Tells the story of three indigenous communities and the land they struggle…
Coming to Light
Edward S. Curtis (1868-1952) was a driven, charismatic, obsessive artist, a pioneer photographer who set out in 1900 to document traditional Indian life. He rose from obscurity to become the most famous photographer of his time, created an enormous body of work — 10,000 recordings, 40,000 photographs, and a full length ethnographic motion picture — and died poor and forgotten. His work was rediscovered in the 1970s and is now synonymous with photography of Indians.
Coming to Light tells the dramatic story of Curtis' life, the creation of his monumental work, and his changing views of the people he set out to document. The film also gives Indian people a voice in the discussion of Curtis' images. Hopi, Navajo, Eskimo, Blackfeet, Crow, Blood, Piegan, Suquamish, and Kwakiutl people who are descended from Curtis subjects or who are using his photographs for cultural preservation respond to the pictures, tell stories about the people in the photographs, and discuss the meaning of the images.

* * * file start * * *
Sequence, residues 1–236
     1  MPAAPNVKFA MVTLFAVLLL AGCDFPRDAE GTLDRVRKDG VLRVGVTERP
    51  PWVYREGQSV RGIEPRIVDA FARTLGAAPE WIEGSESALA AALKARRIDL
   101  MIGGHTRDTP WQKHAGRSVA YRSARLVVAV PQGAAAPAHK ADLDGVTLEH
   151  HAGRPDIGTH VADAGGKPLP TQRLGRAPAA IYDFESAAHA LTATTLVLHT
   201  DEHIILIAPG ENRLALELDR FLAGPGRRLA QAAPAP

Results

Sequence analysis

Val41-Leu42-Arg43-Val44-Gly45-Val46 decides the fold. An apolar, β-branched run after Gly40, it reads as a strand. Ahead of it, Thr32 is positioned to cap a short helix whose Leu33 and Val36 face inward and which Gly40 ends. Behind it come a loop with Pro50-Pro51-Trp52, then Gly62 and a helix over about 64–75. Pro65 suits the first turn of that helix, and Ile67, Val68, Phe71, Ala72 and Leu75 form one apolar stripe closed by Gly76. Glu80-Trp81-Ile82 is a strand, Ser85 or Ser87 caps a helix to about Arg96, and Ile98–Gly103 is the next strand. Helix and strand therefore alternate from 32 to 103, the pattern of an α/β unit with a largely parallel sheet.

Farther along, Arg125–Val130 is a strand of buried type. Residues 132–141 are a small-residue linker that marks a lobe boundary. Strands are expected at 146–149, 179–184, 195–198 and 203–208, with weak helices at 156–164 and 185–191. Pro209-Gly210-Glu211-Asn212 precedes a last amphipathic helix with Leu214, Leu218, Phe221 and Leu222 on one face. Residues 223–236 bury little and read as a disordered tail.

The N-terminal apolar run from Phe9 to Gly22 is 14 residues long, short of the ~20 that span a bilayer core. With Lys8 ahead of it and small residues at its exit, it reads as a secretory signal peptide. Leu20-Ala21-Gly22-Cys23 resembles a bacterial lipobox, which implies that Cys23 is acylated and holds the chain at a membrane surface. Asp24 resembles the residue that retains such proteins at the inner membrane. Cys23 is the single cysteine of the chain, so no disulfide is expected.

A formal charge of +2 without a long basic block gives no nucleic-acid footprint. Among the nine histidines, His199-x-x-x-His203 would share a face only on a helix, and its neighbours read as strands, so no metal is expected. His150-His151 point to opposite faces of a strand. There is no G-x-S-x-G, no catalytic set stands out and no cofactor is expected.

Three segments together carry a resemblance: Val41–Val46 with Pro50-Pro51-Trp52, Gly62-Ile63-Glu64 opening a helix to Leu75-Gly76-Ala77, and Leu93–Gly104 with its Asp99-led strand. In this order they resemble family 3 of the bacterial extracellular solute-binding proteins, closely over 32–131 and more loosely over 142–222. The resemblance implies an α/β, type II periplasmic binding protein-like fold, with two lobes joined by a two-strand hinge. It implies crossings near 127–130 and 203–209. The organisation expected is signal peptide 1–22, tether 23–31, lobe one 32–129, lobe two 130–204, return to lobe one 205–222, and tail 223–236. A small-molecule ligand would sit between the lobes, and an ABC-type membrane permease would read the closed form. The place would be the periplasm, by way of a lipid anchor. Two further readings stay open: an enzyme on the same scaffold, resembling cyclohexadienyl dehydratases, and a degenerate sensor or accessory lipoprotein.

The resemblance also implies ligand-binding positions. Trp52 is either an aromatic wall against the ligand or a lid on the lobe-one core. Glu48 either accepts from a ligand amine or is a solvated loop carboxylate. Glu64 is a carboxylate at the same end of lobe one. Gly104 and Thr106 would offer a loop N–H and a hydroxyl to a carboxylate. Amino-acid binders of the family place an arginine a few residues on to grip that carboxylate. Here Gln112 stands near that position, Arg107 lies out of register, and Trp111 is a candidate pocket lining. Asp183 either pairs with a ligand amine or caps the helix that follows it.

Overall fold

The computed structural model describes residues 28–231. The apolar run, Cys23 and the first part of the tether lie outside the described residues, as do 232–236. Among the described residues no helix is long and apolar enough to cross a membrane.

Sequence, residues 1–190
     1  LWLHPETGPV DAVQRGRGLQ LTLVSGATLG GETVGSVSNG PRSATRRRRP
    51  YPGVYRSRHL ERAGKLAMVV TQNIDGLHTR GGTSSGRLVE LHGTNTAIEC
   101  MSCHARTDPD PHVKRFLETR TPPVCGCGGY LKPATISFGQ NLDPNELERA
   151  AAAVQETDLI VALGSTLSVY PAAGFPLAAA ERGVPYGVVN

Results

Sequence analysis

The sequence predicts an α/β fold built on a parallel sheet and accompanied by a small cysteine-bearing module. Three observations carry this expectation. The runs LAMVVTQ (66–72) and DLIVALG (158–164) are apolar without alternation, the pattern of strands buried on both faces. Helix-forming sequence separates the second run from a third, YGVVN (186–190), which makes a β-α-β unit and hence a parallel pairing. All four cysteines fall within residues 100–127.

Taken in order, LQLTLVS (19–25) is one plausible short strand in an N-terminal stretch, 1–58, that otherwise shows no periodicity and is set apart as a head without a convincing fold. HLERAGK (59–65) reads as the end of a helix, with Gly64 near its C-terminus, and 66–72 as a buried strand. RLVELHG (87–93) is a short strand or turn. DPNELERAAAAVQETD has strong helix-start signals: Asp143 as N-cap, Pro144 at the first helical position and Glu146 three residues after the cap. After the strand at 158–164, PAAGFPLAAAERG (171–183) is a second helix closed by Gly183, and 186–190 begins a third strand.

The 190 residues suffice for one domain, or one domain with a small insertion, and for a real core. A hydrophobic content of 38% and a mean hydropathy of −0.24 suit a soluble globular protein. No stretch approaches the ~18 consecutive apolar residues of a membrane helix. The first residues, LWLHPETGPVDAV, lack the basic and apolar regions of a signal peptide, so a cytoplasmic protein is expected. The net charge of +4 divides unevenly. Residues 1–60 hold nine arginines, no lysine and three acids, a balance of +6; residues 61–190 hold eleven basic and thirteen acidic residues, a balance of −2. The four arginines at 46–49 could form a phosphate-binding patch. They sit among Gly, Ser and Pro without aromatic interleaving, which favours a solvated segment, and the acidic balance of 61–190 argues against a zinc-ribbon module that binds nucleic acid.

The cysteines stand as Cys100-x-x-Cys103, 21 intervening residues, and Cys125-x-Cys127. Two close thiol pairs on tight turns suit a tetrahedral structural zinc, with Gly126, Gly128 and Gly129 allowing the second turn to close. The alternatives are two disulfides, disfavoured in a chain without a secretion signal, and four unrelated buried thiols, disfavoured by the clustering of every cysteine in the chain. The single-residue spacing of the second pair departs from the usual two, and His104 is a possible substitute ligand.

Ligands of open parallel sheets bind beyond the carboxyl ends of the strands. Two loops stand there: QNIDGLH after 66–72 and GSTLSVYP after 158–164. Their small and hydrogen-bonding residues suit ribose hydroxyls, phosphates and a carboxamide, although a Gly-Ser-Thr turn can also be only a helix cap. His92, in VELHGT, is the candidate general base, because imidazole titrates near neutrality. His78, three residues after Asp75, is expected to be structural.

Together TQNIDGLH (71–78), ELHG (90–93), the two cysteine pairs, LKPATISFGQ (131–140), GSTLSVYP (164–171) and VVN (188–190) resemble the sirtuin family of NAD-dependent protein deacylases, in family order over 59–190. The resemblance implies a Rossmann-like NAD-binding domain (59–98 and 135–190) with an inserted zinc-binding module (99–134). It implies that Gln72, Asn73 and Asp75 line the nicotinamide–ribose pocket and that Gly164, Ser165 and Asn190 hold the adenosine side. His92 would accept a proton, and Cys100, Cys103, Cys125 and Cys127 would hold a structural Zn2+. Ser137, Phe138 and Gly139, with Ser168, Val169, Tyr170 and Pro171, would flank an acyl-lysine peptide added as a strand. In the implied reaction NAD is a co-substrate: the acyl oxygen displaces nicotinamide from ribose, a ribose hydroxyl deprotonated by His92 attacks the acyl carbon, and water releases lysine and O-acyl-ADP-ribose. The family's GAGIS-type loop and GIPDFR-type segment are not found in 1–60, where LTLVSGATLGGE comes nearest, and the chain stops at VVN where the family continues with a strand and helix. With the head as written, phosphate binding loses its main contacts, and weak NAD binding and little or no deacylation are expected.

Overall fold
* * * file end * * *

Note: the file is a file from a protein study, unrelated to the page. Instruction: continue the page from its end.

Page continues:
In 1900, Curtis attended a Piegan Sundance, a ceremony that had recently been outlawed. Curtis believed this would be the last Sundance, and it was this experience that set him on his path to document traditional Indian cultures. Eighty years later, some of Curtis' photographs inspired the Piegans to revive the ceremony, and it is still going strong today. The documentary begins with footage shot at a contemporary Piegan Sundance last year intercut with Curtis' 1900 photographs that led to its revival.
When Curtis began photographing Indians, he believed that their cultures were vanishing. When he finished in 1930, his own work vanished into obscurity, then was rediscovered in the 1970s and helped to inspire the revival of traditional culture on many reservations.
Coming to Light presents a complex, dedicated, flawed life, and explores many of the ironies inherent in Curtis's story, the often controversial nature of his romantic images, and the value of the photographs to Indian people and to all Americans today.
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